Article in English | MEDLINE | ID: covidwho-637250

ABSTRACT

BACKGROUND: The number of cases from the coronavirus disease 2019 (COVID-19) global pandemic has overwhelmed existing medical facilities and forced clinicians, patients, and families to make pivotal decisions with limited time and information. MAIN BODY: While machine learning (ML) methods have been previously used to augment clinical decisions, there is now a demand for "Emergency ML." Throughout the patient care pathway, there are opportunities for ML-supported decisions based on collected vitals, laboratory results, medication orders, and comorbidities. With rapidly growing datasets, there also remain important considerations when developing and validating ML models. CONCLUSION: This perspective highlights the utility of evidence-based prediction tools in a number of clinical settings, and how similar models can be deployed during the COVID-19 pandemic to guide hospital frontlines and healthcare administrators to make informed decisions about patient care and managing hospital volume.

4.
JAMA ; 323(20): 2052-2059, 2020 05 26.
Article in English | MEDLINE | ID: covidwho-101977

ABSTRACT

Importance: There is limited information describing the presenting characteristics and outcomes of US patients requiring hospitalization for coronavirus disease 2019 (COVID-19). Objective: To describe the clinical characteristics and outcomes of patients with COVID-19 hospitalized in a US health care system. Design, Setting, and Participants: Case series of patients with COVID-19 admitted to 12 hospitals in New York City, Long Island, and Westchester County, New York, within the Northwell Health system. The study included all sequentially hospitalized patients between March 1, 2020, and April 4, 2020, inclusive of these dates. Exposures: Confirmed severe acute respiratory syndrome coronavirus 2 (SARS-CoV-2) infection by positive result on polymerase chain reaction testing of a nasopharyngeal sample among patients requiring admission. Main Outcomes and Measures: Clinical outcomes during hospitalization, such as invasive mechanical ventilation, kidney replacement therapy, and death. Demographics, baseline comorbidities, presenting vital signs, and test results were also collected. Results: A total of 5700 patients were included (median age, 63 years [interquartile range {IQR}, 52-75; range, 0-107 years]; 39.7% female). The most common comorbidities were hypertension (3026; 56.6%), obesity (1737; 41.7%), and diabetes (1808; 33.8%). At triage, 30.7% of patients were febrile, 17.3% had a respiratory rate greater than 24 breaths/min, and 27.8% received supplemental oxygen. The rate of respiratory virus co-infection was 2.1%. Outcomes were assessed for 2634 patients who were discharged or had died at the study end point. During hospitalization, 373 patients (14.2%) (median age, 68 years [IQR, 56-78]; 33.5% female) were treated in the intensive care unit care, 320 (12.2%) received invasive mechanical ventilation, 81 (3.2%) were treated with kidney replacement therapy, and 553 (21%) died. As of April 4, 2020, for patients requiring mechanical ventilation (n = 1151, 20.2%), 38 (3.3%) were discharged alive, 282 (24.5%) died, and 831 (72.2%) remained in hospital. The median postdischarge follow-up time was 4.4 days (IQR, 2.2-9.3). A total of 45 patients (2.2%) were readmitted during the study period. The median time to readmission was 3 days (IQR, 1.0-4.5) for readmitted patients. Among the 3066 patients who remained hospitalized at the final study follow-up date (median age, 65 years [IQR, 54-75]), the median follow-up at time of censoring was 4.5 days (IQR, 2.4-8.1). Conclusions and Relevance: This case series provides characteristics and early outcomes of sequentially hospitalized patients with confirmed COVID-19 in the New York City area.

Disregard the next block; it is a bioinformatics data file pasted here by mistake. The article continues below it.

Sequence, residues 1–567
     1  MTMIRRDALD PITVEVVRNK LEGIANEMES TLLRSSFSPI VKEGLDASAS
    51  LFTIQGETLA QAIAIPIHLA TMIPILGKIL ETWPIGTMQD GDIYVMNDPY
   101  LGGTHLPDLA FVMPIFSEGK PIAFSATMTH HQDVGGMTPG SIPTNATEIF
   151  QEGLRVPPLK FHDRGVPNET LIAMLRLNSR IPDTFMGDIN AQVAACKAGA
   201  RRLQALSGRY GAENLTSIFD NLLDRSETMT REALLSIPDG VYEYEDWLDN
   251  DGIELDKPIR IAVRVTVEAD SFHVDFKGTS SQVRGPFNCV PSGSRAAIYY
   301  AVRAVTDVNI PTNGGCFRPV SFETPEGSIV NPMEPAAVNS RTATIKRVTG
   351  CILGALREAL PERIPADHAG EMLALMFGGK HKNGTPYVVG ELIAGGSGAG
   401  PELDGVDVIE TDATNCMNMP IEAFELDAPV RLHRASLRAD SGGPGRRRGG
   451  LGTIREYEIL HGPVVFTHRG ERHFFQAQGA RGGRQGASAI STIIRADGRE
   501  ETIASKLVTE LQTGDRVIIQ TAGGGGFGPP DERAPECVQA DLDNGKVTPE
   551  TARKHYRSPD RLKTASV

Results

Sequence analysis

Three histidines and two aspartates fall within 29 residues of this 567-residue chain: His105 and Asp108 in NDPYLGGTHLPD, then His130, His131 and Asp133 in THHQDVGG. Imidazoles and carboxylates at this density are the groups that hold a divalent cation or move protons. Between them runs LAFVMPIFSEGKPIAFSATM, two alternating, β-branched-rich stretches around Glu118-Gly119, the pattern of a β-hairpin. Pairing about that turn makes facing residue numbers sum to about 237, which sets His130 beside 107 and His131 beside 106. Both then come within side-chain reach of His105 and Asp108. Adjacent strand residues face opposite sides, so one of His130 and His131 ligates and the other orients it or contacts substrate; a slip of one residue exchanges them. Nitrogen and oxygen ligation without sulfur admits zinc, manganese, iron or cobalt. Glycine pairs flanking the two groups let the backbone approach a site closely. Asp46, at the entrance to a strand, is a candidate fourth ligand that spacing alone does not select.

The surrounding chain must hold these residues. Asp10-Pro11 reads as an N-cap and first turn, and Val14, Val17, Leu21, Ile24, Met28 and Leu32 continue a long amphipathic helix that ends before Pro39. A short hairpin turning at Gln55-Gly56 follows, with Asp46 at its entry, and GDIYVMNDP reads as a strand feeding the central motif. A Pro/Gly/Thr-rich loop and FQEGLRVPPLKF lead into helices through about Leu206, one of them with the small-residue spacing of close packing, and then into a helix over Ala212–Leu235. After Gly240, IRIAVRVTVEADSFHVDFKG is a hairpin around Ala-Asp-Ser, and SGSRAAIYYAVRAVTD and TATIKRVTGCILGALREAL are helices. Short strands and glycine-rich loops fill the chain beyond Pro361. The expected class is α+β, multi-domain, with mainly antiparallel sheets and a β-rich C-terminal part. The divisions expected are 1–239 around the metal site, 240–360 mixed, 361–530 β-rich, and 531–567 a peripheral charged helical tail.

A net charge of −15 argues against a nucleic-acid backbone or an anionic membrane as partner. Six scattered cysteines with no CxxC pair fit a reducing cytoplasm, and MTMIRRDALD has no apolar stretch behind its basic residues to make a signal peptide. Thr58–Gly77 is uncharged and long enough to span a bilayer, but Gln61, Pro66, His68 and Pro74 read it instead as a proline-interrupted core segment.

Subject(s)
Betacoronavirus , Comorbidity , Coronavirus Infections/epidemiology , Pneumonia, Viral/epidemiology , Adolescent , Adult , Aged , Aged, 80 and over , COVID-19 , Child , Child, Preschool , Coronavirus Infections/complications , Coronavirus Infections/mortality , Diabetes Complications , Female , Hospitalization , Humans , Hypertension/complications , Infant , Infant, Newborn , Male , Middle Aged , New York City/epidemiology , Pandemics , Pneumonia, Viral/complications , Pneumonia, Viral/mortality , Risk Factors , SARS-CoV-2 , Treatment Outcome , Young Adult